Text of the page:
Bridging the digital divide

By   |  March 12, 2003

NGO Bridges.org recently launched a two-year study comparing the use of open source and proprietary software in Africa. Tectonic recently caught up with programme manager Philipp Schmidt to get some more information on the study.

What is Bridges.org? And what is the organisation\’s history?

Bridges.org is an international non-profit organisation with a mission to promote effective technology use in the developing world, help people in developing countries use ICT to improve their lives, and tackle the digital divide. It is a Section 21 corporation based in Cape Town, South Africa, and was founded in 2000 in Washington DC. Its multi-disciplinary staff and engaged board and advisors bring together a wide range of experience in ICT and related issues from the worlds of business, academia, technology and development. Bridges.org also combines involvement in the highest levels of international technology policy-making with participation in ground level projects in developing countries and disadvantaged communities, research and report writing.

It is one of the few organisations to bring this broad vision to bear on its work. It has established an international reputation for the quality and objectivity of its work, and has produced reports for the United Nations ICT Task Force, the World Economic Forum (WEF) and a number of multi-national corporations and civil society organisations.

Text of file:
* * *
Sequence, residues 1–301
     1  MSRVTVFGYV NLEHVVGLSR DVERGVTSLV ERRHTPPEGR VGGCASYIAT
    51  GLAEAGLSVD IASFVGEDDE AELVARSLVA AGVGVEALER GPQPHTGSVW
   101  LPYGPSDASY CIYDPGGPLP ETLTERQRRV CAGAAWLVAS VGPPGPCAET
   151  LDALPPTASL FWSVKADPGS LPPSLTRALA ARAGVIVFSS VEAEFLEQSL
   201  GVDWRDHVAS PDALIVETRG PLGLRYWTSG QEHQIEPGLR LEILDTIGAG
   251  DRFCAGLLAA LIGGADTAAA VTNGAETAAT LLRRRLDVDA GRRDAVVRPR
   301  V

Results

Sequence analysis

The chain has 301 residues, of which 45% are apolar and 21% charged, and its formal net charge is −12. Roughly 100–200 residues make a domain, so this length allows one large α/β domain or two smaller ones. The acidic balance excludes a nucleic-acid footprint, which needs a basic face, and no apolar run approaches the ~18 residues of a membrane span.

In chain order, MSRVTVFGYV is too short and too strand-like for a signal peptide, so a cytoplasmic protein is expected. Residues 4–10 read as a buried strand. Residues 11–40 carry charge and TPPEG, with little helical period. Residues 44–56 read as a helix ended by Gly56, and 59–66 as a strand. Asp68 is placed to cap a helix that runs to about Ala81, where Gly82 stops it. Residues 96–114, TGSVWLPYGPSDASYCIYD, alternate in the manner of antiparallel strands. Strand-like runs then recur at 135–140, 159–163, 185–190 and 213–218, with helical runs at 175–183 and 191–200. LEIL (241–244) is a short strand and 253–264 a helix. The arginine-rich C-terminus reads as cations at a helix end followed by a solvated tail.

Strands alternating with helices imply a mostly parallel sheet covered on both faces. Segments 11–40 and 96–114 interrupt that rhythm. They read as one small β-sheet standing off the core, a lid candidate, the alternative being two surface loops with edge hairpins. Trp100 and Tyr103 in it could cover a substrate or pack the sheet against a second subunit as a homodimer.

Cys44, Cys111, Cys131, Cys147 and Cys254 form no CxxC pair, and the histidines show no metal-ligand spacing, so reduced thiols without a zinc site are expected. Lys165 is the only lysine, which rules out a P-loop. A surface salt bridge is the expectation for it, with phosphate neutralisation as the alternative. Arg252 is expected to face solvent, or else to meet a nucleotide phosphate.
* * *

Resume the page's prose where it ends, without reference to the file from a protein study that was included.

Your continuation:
Bridges.org recently announced a two-year long study comparing the use of open source and proprietary software. What is the focus of the study and what do you hope to achieve?

The research, which is being conducted in collaboration with SchoolNet Africa, aims to fully examine the implications of the choice between open source and proprietary software in an African context. We will look in particular at the impact that software choices have on schools and community access to information and communications technology (ICT), both in terms of ground level implementation in computer labs, and the costs and benefits at the national policy-making level. The goal is to provide an unbiased analysis and raise awareness in order to inform decision-making processes at both levels.

The debate around open source versus proprietary software has been led in the past by advocates of one or the other side. How is the study aiming to add to this debate?

By presenting an informed, but objective perspective of the issues. We don\’t want to participate in the heated debate, but compile information that speaks for itself. Others are free to draw conclusions and try to get them implemented – we are interested in understanding the whole picture and helping other make informed decisions.

The study also aims to compare the use of open source and proprietary software \”in an African context\”. What are the defining characteristics of this \”African context\”?